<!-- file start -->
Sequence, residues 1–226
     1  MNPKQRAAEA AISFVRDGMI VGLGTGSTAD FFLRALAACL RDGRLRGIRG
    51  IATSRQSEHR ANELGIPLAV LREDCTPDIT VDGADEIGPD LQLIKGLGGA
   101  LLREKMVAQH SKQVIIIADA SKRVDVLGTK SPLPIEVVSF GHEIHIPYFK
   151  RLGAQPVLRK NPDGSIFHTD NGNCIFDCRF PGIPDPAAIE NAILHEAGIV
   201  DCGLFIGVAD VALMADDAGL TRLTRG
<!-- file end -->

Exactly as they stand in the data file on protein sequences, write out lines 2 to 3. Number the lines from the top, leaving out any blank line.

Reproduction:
     1  MNPKQRAAEA AISFVRDGMI VGLGTGSTAD FFLRALAACL RDGRLRGIRG
    51  IATSRQSEHR ANELGIPLAV LREDCTPDIT VDGADEIGPD LQLIKGLGGA